The NCAA report provides quotes from a 16-year-old about what happened after McGee handed him a condom and sent him into a room with a prostitute.

"I didn't really say much. And she was like, you know, you're nervous, you don't have to do this if you don't want to. And I was like, all right, well, I'm fine then. She was like, well, it's nice meeting you and she left."

The last incident occurred in July 2014, after McGee had left UofL for an assistant coaching job at the University of Missouri-Kansas City. He called "an escort" and asked her to "provide her services to a highly-regarded prospect" and the athlete's uncle, according to the report. 

The escort went to Minardi Hall where a person she did not recognize gave her $200; in addition, McGee wired her an additional $200, the report said.

"To fulfill the agreement, the escort and her daughter went to the hotel, where they engaged in sexual intercourse with (the recruit) and his adult companion," according to the report. 

The NCAA tried to determine who paid the escort at Minardi Hall and "explored" the possibility that it was a former program assistant. The escort did not positively identify who it was, but said the former assistant "most resembled" the person who gave her the money.

The university argued that the amount of money exchanged with minimal but the NCAA "does not find it necessary to place a precise dollar value on the stripteases and sex acts."

The NCAA began its investigation of the U of L program in 2015, following the publication of “Breaking Cardinal Rules: Basketball and the Escort Queen,” a 104-page book written by Katina Powell with Dick Cady, a former newspaper reporter in Indianapolis.

Powell alleged that at the request of McGee she arranged for women who stripped and provided sex for U of L players and recruits from 2010-through-2014.

McGee declined to talk to NCAA investigators and resigned from his position at UMKC in 2015.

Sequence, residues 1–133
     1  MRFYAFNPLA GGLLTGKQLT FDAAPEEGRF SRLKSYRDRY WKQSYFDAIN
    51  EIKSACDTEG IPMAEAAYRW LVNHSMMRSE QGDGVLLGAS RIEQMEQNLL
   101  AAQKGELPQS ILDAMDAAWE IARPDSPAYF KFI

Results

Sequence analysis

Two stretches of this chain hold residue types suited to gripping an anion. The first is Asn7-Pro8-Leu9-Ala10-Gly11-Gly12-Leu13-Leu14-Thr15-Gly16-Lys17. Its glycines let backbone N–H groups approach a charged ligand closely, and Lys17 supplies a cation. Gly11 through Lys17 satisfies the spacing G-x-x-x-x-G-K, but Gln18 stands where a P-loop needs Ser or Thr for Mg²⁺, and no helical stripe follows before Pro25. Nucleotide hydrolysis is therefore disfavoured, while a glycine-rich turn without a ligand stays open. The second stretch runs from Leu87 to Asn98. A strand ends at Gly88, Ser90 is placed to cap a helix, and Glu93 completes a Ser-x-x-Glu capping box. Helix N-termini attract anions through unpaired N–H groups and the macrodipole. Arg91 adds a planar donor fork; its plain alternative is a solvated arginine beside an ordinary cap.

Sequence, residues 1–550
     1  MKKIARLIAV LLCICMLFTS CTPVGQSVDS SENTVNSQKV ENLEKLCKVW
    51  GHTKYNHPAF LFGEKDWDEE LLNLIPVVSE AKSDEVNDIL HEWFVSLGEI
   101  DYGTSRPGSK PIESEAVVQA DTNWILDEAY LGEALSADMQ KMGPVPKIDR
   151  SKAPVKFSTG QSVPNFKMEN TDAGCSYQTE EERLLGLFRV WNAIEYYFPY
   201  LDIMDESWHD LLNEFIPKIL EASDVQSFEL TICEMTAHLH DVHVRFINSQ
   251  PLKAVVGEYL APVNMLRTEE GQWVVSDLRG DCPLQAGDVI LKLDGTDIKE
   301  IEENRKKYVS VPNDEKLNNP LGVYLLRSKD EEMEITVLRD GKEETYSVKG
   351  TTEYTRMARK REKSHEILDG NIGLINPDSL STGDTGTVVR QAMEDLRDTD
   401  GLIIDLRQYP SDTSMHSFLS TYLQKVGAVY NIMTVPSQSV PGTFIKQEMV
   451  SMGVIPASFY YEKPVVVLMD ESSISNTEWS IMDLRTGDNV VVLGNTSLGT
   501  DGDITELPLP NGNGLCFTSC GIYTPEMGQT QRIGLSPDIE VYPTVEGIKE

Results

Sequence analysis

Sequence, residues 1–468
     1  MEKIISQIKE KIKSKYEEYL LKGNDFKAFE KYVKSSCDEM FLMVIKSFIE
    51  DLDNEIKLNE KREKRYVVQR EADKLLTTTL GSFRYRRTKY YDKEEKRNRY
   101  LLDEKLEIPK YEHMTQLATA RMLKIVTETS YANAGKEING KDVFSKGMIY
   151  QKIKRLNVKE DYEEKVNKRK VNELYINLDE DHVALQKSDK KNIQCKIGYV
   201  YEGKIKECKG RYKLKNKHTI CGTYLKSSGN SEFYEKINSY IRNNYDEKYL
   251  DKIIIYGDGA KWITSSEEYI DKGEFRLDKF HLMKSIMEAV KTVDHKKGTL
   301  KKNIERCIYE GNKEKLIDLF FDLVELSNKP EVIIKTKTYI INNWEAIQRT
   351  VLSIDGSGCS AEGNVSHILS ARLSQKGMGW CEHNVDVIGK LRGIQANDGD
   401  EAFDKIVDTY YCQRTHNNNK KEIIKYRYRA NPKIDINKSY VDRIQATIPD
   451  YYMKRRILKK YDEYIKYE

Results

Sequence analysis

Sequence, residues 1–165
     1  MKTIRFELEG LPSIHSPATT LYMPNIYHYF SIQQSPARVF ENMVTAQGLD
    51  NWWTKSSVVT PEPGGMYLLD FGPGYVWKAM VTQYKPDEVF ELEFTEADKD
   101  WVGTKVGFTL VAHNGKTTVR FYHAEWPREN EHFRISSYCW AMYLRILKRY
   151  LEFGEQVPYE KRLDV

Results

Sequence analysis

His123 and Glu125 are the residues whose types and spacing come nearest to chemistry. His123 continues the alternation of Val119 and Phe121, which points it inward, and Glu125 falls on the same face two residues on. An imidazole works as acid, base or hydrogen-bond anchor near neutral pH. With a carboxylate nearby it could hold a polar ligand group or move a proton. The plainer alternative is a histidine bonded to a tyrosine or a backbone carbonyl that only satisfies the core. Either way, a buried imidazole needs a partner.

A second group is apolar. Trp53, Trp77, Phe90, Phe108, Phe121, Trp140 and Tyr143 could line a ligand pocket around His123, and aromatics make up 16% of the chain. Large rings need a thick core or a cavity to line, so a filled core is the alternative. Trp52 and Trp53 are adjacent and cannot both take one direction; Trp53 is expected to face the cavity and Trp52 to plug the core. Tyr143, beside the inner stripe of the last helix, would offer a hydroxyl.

U of L responded to a notice of inquiry from the NCAA with a self-investigation that was directed by Chuck Smrt, a former NCAA official who is the president of The Compliance Group, a company that assists universities in NCAA matters.

In February 2016, former U of L president Dr. James Ramsey announced multiple self-imposed penalties against the basketball program. 

Louisville took itself out of the Atlantic Coast Conference and NCAA Tournaments, even though the Cardinals finished 23-8 and projected as a possible No. 3 seed in the NCAA Tournament after they finished fourth in the ACC regular season.

Ramsey’s decision was sharply criticized by many Louisville fans because it was unfair to two U of L seniors, Damion Lee and Trey Lewis, who were unable to play in the post-season after transferring here for their senior years.

Louisville added to the self-imposed penalties by reducing the number of players on scholarship last season from 13 to 11 and by cutting back on the number of recruiting visits and off-campus recruiting trips and contacts by the coaching staff.

After the Cards sat out the 2016 post-season, Pitino said that he believed the self-imposed penalties should have satisfied the NCAA. 

Louisville returned to post-season play last season, finishing 25-9 while advancing to the second round of the NCAA Tournament.